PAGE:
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i think most american newspaper readers, say, college students, are used to seeing mohammad bin salman. my take away from mohammed's article is the united states, and foreign policy terms, is her teaching terms -- i'm not just talking about soft power, it in strategic terms, when biden came to power, he had a choice between the count donald trump was following, which come as you mentioned, contain iran on the ground, try to prevent it from getting a nuclear weapon, working on a coalition of states, arab states, and israel, interested in those outcomes, but also one that pointed toward normalization between the arab states and israel, through the abraham accords. the other alternative was to normalize with iran, which represents all of the worst
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elements in the middle east, that are either direct allies of iran, or they are aligned with iran. and i would include al qaeda and isis in this. we don't need to go into -- that could take us down a rabbit hole, but i think the strategic rector of radical sunni islam and of iran is really quite parallel. there are a few areas where there's friction, but for the most part, it looks like they are moving in the same direction. so we could have had, you know, we could present a whole new picture of the region and how it interacts with the rest of the world, and one that would isolate iran, and instead, we chose to build up iran. and i wonder if you, bernie, you are not just an analyst of the middle east for us, but you are also -- you are also a person
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who has very courageously gone out to that very strange land, which is american academia, and you have decided, as a pioneer, to build a house in that strange landscape. and so i wonder, could you explain to us how the american academia is understanding all of this? because i think maybe you ought to give us a little bit of an insight into the long view of the biden administration. prof. haykel: yeah. so, i mean, you know, one way to think about this in very simple terms, in a country like saudi arabia, in a country like israel, there are status quo powers, and by status quo powers, i mean they want the american influence to remain dominant, to remain important in the world, in general, and in the middle east in particular, ok? a country like iran is a revolutionary power, is a power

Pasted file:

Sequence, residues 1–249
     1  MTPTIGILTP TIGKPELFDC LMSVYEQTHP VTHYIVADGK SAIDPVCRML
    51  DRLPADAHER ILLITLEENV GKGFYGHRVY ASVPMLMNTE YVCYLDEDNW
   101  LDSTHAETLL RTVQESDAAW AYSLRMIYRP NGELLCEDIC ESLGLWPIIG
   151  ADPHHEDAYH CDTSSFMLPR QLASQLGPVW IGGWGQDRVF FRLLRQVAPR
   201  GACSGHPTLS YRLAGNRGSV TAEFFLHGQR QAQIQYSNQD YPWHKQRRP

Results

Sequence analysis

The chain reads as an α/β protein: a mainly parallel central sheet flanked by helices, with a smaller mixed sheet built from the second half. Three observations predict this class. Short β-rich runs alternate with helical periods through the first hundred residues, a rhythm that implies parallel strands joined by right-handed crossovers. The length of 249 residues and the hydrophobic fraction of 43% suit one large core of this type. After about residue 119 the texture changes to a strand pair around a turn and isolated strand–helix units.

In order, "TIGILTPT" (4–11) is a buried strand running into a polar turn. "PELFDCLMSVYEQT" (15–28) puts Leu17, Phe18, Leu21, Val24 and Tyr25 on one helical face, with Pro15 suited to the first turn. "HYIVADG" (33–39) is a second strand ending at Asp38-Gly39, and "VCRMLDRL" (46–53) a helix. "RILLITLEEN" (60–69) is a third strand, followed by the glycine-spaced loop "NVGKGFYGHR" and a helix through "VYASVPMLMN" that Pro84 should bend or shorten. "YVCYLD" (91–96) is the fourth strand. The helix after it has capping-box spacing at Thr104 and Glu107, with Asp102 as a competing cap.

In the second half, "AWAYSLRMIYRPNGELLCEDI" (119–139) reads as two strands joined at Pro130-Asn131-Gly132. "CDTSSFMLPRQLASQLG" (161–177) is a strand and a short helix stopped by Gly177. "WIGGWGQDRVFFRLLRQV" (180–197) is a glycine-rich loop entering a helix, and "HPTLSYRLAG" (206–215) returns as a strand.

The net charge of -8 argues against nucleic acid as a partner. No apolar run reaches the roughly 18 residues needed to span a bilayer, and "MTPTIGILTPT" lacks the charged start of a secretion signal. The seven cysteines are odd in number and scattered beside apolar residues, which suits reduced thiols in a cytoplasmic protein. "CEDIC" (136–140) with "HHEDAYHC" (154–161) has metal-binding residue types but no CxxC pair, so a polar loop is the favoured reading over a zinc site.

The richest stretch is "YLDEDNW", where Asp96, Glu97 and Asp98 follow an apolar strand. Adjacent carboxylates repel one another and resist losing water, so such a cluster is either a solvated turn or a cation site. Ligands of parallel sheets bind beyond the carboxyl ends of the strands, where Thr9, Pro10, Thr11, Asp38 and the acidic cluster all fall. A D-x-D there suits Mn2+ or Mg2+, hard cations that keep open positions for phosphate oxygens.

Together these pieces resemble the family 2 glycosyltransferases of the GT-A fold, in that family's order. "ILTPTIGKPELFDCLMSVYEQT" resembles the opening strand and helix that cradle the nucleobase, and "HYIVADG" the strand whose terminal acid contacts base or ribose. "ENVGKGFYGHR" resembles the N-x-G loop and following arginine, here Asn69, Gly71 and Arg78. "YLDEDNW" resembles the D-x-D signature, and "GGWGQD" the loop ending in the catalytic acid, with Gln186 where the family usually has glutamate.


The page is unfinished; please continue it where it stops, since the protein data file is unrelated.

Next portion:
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that would like to see the united states depose from the middle east and destroyed all over the world, right? in that sense, iran is a lot like north korea, and saudi arabia is a lot like south korea, ok? imagine if united states sided with north korea against south korea, which is the signal that the obama administration and the biden administration have been making in the middle east. we are going to side with our enemy, and we are going to turn our back to our friend. is a very strange way to think about politics and about geopolitics and strategy. i think that part of the reason for this view of the middle east does come from american academia and western academia, to remember that most academics are , sort of, very influenced by marxism, their. . influenced by leftist ideologies. . they think america is a force of